How important was religion to Einstein, how much did that inform his worldview?
Religion helped Einstein in many, many ways — one was just being an outsider. His family was sort of assimilated German Jews and they weren’t entirely accepted. Thorstein Veblin was a Norwegian economist in America — late 1800s, early 1900s — he wrote a wonderful essay on what it takes to be really, really creative in a field. He said it helps if you’re brought up in a family that teaches you one thing kind of dogmatically. Outsiders, minorities in England or America, Jews in Germany, if you’re a total outsider you don’t have any education. If you’re a total insider it’s tempting to complacently just accept what’s there.
It helps to have a little bit of a problem, minor prejudice against you, not major — that blocks everything — but not total acceptance. So Einstein just was a little bit critical when he was taught at university that this is the way things are. He would say, ‘Maybe. Let’s look at it afresh’.
There are certain asymmetries, for example in Maxwell’s equation, that people would say, ‘It doesn’t mean anything’, he’d say, ‘Maybe. Let’s look at it afresh’. So that was one thing: the outsider.
Another thing that helped a lot was that although Einstein himself didn’t study the Talmud a lot — which is a book of commentary on the Bible — he had a strong Jewish education until he was about 12 or 13, and of course he read widely in Jewish matters. Those of you who perhaps didn’t study the Talmud this morning might be pleased to know that a page of the Talmud looks like this. In one corner here they’ll have a little bit from the Bible. Around that will be commentaries that some people wrote about it, say, 800 years later, around that there’ll be commentaries that people wrote about those commentaries later. And it was on and on and on, and was closed with Rashi in the 12th century.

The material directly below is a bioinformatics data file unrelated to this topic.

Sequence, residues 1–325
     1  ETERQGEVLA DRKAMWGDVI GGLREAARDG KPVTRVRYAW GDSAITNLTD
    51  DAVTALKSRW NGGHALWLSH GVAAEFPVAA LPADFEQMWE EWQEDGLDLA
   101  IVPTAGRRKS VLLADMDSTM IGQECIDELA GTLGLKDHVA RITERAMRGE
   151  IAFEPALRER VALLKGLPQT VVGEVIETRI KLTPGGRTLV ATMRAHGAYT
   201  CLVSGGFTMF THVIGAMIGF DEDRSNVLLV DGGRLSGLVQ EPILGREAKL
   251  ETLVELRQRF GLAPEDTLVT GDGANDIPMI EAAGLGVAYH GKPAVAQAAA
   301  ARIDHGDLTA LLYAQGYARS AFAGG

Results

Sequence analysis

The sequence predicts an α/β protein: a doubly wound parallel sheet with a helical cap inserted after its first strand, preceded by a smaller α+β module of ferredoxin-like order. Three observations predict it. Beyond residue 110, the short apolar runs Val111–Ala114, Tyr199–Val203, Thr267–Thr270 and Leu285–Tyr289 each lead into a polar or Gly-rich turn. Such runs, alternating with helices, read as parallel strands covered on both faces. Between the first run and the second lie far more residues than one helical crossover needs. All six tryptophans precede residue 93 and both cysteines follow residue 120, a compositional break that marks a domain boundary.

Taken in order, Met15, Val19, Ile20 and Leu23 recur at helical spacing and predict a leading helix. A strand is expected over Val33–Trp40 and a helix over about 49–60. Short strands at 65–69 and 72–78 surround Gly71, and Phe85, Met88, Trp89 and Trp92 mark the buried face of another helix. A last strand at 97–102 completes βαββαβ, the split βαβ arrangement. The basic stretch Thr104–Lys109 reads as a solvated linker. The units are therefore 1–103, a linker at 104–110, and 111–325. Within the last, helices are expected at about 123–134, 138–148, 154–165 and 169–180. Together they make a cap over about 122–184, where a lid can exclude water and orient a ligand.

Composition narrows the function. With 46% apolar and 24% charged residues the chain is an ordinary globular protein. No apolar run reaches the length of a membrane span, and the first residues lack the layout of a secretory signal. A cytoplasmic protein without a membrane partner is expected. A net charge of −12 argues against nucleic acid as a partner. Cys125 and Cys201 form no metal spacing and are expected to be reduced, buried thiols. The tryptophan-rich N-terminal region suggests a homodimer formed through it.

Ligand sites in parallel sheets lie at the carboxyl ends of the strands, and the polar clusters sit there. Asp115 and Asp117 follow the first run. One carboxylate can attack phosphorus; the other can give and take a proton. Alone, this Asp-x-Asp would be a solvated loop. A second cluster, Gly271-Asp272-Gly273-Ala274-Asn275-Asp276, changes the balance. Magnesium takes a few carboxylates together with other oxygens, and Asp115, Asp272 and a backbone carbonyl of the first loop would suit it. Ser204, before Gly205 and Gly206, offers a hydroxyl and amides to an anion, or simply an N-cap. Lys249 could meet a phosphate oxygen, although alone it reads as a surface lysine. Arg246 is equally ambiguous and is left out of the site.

So Einstein grew up with those notions, and his principles behind relativity are higher-level principles. It was incredibly useful in the patent office where Einstein worked in his 20s. If people would come in with something, say, ‘There’s all these gears and mechanisms and it’ll do such and such’, Einstein would ask them, ‘Does it create perpetual motion?’, which he knew was impossible, and they’d say, ‘Oh yeah, it creates perpetual motion’, he said, ‘Then it can’t work’. He would use a higher-level principle — ‘If it violates the laws of thermodynamics, I don’t care what the gears and stuff are, it doesn’t work’.
So Einstein got that very much from his religious background and from his technical training. His work is repeatedly judging things. Relativity isn’t a detailed law, it’s an approach to things.